Tuesday, October 22, 2019


Dear Readers,
How is this for dubious newspaper morality? The Northern KwaZulu-Natal Courier, a community paper in the Caxton Group carried three exposés about the activities of members of the De Beer family’s Ponzi businesses Coin-It Trading and CommEx Minerals.
          The first one early last September was headed Drama unfolds as Coin-It and  Commex Minerals are raided. It was about how the Financial Sector Conduct Authority (FSCA) had launched an investigation into these two companies.
          Its next report was headlined: Investment scheme maintains everyone will get paid.
          Then on September 18 it announced: Coin offices closed pending FSCA probe. Readers were told that it was too early to say what will happen to investors in Coin-It and CommEx Minerals following the raid by the FSCA.
          Soon afterwards the paper, which has a weekly free distribution of 15 000 copies in the coal mining town of Dundee (Population 34 000), carried the half page, controversial paid advertorial headed Coin-It Traders Speak Out! It would have earned the publication something like R7 000. 
This is how the Courier coined it & how
the advertorial began
          It was a huge puff extolling the good deeds these Ponzi scheme promoters had done for the people of the area as if their kind of business was perfectly acceptable.
          After weeks of controversy, Coin-It Trading appeals to the community to not forget all the good it has and is still doing, the ad began
          Speaking to the Courier, it went on, Coin-It’s representative, Peter Estrice said, “The public was not informed in the past on the big scope of activities that were taking place and the participation of social activities carried out by Coin-It.”
          Coin-It described itself as a huge part of the Dundee community and as such had aided many people.
Peter Estrice
          He claimed that when “last year’s terrible floods took away five lives, including three children, from a family in Sibongile (a Dundee township) Coin-It was there. We played a big role in helping the needy and even went to the extent of repairing some churches that were damaged.”
           Small businesses that relied on Coin-It had been enormously affected.
          “Other companies have also lost revenue when we stopped our service, such as the buying of trucks,” Estrice maintained. “Our hardware companies can no longer continue with business as everything has come to a standstill. Coin-It has donated signage to schools in the area and will continue to assist schools in other districts in the future.”
          Referring to the pending FSCA investigation Estrice stated: “As much as Coin-It is taking a beating it is also affecting our small businesses and individuals who relied on Coin-It. Our clients come from different backgrounds such as government officials, working class and the unemployed and Coin-It takes care of them.” He promised that they would have a "ceremony with our clients once everything had been sorted." 
          The advertorial concluded with the logos of the businesses the De Beer family evidently have an interest in.  
          In an email to the Courier’s Editor Terry Worley I asked how his paper could expose the Coin-It Ponzi scheme and then take this advertorial that promotes it.
          “The Courier has just gone one better than the Sunday Times for appalling double standards just to make money,” I told him. "You have also completely blown your belief in the 'community newspaper being the trustworthy watchdog of the community.'”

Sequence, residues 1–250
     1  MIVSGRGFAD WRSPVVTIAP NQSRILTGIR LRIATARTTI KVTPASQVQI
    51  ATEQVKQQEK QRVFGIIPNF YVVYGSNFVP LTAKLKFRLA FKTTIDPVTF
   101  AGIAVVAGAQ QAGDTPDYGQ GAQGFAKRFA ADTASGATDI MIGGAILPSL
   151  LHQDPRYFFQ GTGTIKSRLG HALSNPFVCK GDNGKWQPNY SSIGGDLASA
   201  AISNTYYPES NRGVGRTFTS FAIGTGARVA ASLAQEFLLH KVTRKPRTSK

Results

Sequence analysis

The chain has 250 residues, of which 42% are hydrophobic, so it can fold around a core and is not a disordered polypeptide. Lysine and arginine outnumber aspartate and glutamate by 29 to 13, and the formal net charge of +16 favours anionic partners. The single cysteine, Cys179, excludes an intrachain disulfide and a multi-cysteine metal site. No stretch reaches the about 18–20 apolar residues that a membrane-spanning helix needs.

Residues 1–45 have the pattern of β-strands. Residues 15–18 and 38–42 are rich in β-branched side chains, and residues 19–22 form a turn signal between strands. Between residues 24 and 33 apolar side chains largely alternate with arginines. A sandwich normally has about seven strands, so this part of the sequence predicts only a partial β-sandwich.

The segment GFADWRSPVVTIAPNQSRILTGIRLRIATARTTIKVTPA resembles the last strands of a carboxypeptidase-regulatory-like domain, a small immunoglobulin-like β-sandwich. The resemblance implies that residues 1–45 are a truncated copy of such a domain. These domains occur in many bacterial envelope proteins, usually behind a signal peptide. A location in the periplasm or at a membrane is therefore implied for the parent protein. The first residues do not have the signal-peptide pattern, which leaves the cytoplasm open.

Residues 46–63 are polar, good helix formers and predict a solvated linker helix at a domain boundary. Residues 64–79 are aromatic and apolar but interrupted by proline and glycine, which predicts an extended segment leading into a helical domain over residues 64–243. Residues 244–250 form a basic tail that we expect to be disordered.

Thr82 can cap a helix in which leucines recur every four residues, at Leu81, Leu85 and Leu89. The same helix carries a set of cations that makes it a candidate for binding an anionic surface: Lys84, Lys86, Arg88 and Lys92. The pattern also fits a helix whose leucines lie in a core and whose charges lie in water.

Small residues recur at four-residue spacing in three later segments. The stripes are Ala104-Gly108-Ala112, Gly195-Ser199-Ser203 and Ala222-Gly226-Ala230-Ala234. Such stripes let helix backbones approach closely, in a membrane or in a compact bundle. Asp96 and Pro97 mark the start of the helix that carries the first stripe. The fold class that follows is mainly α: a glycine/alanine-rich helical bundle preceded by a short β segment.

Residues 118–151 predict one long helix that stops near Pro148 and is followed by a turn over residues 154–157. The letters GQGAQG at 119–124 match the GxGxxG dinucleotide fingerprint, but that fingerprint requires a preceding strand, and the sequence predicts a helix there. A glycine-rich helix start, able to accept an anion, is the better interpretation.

I was referring to the fact the Sunday Times carried two advertising inserts from CommEx and My House, another Ponzi scheme promoted by the same people, a few days after its sister publication had revealed that Coin-It and CommEx had been raided by the FSCA.  (Heartless Sunday Times)
          Worley told me to refer to their advertising department. In a subsequent email he started that the Hawks investigation appeared to be stagnating, but they were following up because more investors who had not received their money still needed to make statements.
          “We are told not even 15 have made statements and there are apparently 27 000,” he added.
          I sent a similar email to Rod Skinner, Caxton’s Regional Editor for the area that includes the Courier asking why that controversial advertorial was accepted. “Surely that was the antithesis of good newspaper ethics,” I told him. “The message it sent was that your paper only cares about making money, not ethical behaviour.”
          He replied saying: “In fairness we had to give Coin-It a right of reply. They however insisted they wanted to reply in this manner. It is not for us to dictate how they as a company wish to exercise their right of reply.
          “Nothing in the advertorial solicits business for the scheme. Our investigative team is still investigating it along with several others in Northern KZN.”
                                     *     *     *
          Jon, a Consumer Watchdog and the Poor Man’s Press Ombudsman.
P.S. The Caxton Group is no stranger to accepting adverts just to make money regardless of the morality of what it is doing. For years The Citizen, its daily paper that circulates mainly in Gauteng has been carrying Herbalist ads, when even one of its editors conceded to me that they are not believable.  Full of people claiming to be doctors, professors and the like when they are clearly nothing of the kind they offer services like “100% win lotto” and “manhood enlargement.” These are obviously nothing else but lies. (Lies,lies and more lies)

P.P.S. An advertorial is an advertisement written in the same style as a newspaper article. So it’s not hard to guess why the Ponzi promoters wanted their ad in this form.

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